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Experimental Mechanics of Solids and Structures

ISBN: 978-1-119-29232-6
176 pages
March 2016, Wiley-ISTE
Experimental Mechanics of Solids and Structures (1119292328) cover image

Description

From the characterization of materials to accelerated life testing, experimentation with solids and structures is present in all stages of the design of mechanical devices. Sometimes only an experimental model can bring the necessary elements for understanding, the physics under study just being too complex for an efficient numerical model. 

This book presents the classical tools in the experimental approach to mechanical engineering, as well as the methods that have revolutionized the field over the past 20 years: photomechanics, signal processing, statistical data analysis, design of experiments, uncertainty analysis, etc.

Experimental Mechanics of Solids and Structures also replaces mechanical testing in a larger context: firstly, that of the experimental model, with its own hypotheses; then that of the knowledge acquisition process, which is structured and robust; finally, that of a reliable analysis of the results obtained, in a context where uncertainty could be important. 

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Table of Contents

Foreword  ix

Introduction  xi

Chapter 1. Mechanical Tests  1

1.1. Introduction 1

1.2. Measurable quantities 2

1.3. Tensile test 3

1.3.1. Optimal testing conditions 5

1.3.2. Result of a standard tensile test 7

1.3.3. Stiffness of a tensile testing machine 9

1.4. Bending test  10

1.4.1. Test principle 10

1.4.2. Optimal realization conditions 10

1.4.3. Determination of flexural modulus  11

1.4.4. Damage to the structure 13

Chapter 2. A Few Sensors Used in Mechanics  15

2.1. Introduction 15

2.2. Strain measurement  15

2.2.1. Principle  15

2.2.2. Gauge factor  16

2.2.3. Description of a gauge  17

2.2.4. Conditioning  19

2.2.5. Multi-gauge assemblies 20

2.2.6. Compensation of bending effects 21

2.2.7. Effect of temperature 22

2.2.8. Measurement of a surface-strain tensor of an object  23

2.2.9. “Measurement” considerations 25

2.3. Displacement measurement 27

2.3.1. Principle  27

2.3.2. Key characteristics  27

2.4. Force measurement  28

2.4.1. Strain gauge load cell  28

2.4.2. Piezoelectric gauge load cell  29

2.5. Acceleration measurement  33

2.5.1. Principle  33

2.5.2. Selection criteria 37

Chapter 3. Optical Full-Field Methods  39

3.1. Overview  39

3.2. Selection of a field optical method 40

3.2.1. Factors governing selection 40

3.2.2. Fringe projection 41

3.2.3. Grid method  45

3.2.4. Digital image correlation  49

3.2.5. Speckle interferometry (ESPI)  53

3.3. Main processing methods of photomechanical results  60

3.3.1. Metrological aspects 60

3.3.2. Correction of target distorsions 62

3.3.3. Denoising in mapping  63

3.3.4. Phase unwrapping  65

3.3.5. Derivation of a displacement map 66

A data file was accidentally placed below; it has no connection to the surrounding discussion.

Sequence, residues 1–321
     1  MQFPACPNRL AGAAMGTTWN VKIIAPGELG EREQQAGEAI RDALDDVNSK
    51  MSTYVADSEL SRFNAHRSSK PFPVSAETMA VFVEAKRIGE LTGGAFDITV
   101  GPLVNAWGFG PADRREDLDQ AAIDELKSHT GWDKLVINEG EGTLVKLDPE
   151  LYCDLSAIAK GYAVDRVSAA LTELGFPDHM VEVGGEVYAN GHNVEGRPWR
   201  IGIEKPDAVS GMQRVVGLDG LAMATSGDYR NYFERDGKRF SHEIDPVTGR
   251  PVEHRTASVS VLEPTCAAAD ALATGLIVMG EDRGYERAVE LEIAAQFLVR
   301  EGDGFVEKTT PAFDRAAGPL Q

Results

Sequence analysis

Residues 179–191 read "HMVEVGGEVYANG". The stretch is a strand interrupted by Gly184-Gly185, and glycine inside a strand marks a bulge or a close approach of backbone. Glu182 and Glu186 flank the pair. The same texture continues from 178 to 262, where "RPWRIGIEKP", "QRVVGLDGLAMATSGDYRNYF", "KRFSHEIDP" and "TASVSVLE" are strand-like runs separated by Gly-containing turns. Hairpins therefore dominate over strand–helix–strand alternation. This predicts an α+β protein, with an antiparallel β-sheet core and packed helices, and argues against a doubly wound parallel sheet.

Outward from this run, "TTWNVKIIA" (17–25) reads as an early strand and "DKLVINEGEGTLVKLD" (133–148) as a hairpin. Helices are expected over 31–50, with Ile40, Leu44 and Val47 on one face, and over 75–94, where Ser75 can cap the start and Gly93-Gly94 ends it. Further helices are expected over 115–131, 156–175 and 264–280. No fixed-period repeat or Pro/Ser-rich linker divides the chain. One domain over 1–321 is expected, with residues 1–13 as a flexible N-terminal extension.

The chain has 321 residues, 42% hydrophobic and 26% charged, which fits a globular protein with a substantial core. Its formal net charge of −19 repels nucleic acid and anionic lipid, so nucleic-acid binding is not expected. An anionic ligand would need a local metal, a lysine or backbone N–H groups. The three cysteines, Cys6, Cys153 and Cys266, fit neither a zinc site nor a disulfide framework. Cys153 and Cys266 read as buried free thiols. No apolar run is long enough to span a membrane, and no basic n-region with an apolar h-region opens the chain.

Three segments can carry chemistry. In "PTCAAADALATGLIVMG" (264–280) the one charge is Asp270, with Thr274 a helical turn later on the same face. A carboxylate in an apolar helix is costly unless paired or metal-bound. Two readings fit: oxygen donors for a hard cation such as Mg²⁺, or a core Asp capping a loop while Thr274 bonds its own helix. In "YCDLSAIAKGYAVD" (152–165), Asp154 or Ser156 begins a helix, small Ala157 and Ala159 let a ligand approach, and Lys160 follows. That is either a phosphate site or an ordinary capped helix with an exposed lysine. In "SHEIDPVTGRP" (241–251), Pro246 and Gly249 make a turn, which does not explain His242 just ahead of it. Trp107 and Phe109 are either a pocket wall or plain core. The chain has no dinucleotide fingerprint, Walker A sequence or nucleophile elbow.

Chapter 4. Basic Tools for Measurement Methods 71

4.1. Introduction 71

4.2. Measurement and precision 72

4.2.1. Calibration 72

4.2.2. Tests  75

4.2.3. Evaluating uncertainties 78

4.3. Experimental test plans  88

4.3.1. Preparation 90

4.3.2. Approach  91

4.3.3. Adjusting polynomial models by least squares 92

4.3.4. Linear factorial design without interaction  94

4.3.5. Linear factorial design with interactions 100

4.3.6. Quadratic design with interactions 104

4.3.7. Variance analysis 107

4.4. Hypothesis tests  109

4.4.1. General principle 109

4.4.2. 1st and 2nd order error: a test’s power  110

4.4.3. Choosing a statistical law  112

4.4.4. Examples  113

4.4.5. Test for model adjustment: a return to ANOVA analysis 114

Chapter 5. Exercises  117

5.1. Multiple-choice questions  117

5.2. Problem: designing a torque meter 118

5.2.1. Mechanical analysis 118

5.2.2. Electrical installation 119

5.2.3. Analyzing uncertainty  120

5.3. Problem: traction test on a composite 121

5.3.1. Sizing a traction test 121

5.3.2. Measuring 121

5.3.3. Photomechanics  122

5.4. Problem: optic fiber Bragg gratings  122

5.4.1. What happens when there is traction on the fiber?  123

5.4.2. What will the effective index become depending on the temperature and strain parameters?  124

5.4.3. Separating temperature and mechanics  124

5.4.4. Analyzing uncertainty  124

5.5. Problem: bending a MEMS micro-sensor 124

5.5.1. Suggesting a mechanical model for this problem  125

5.6. Problem: studying a 4-point bending system 126

5.6.1. Analyzing the device 126

5.6.2. Mechanical analysis 127

5.6.3. Analyzing uncertainties 127

5.6.4. Optical full field methods  127

5.7. Digital pressure tester: statistical tests 128

5.7.1. Discovering the statistical functions library 128

5.7.2. Estimating a confidence interval  128

5.7.3. Calculating a test’s power  128

Conclusion 131

Bibliography  133

Index 141

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